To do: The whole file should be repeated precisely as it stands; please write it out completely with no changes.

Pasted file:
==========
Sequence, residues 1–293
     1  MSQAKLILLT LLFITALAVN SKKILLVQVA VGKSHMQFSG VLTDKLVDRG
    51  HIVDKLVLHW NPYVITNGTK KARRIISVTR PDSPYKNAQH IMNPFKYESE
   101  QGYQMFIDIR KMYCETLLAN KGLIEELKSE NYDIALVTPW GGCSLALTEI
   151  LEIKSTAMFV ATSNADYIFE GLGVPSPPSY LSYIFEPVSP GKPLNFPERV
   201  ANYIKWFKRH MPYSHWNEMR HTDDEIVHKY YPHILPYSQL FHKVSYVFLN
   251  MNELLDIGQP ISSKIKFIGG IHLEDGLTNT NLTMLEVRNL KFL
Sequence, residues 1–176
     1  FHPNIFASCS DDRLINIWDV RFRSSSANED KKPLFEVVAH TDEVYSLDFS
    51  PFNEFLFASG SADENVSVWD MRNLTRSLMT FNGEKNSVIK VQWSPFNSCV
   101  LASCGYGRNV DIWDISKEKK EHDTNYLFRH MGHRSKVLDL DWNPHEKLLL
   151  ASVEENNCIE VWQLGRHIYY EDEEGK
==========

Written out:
Sequence, residues 1–293
     1  MSQAKLILLT LLFITALAVN SKKILLVQVA VGKSHMQFSG VLTDKLVDRG
    51  HIVDKLVLHW NPYVITNGTK KARRIISVTR PDSPYKNAQH IMNPFKYESE
   101  QGYQMFIDIR KMYCETLLAN KGLIEELKSE NYDIALVTPW GGCSLALTEI
   151  LEIKSTAMFV ATSNADYIFE GLGVPSPPSY LSYIFEPVSP GKPLNFPERV
   201  ANYIKWFKRH MPYSHWNEMR HTDDEIVHKY YPHILPYSQL FHKVSYVFLN
   251  MNELLDIGQP ISSKIKFIGG IHLEDGLTNT NLTMLEVRNL KFL
Sequence, residues 1–176
     1  FHPNIFASCS DDRLINIWDV RFRSSSANED KKPLFEVVAH TDEVYSLDFS
    51  PFNEFLFASG SADENVSVWD MRNLTRSLMT FNGEKNSVIK VQWSPFNSCV
   101  LASCGYGRNV DIWDISKEKK EHDTNYLFRH MGHRSKVLDL DWNPHEKLLL
   151  ASVEENNCIE VWQLGRHIYY EDEEGK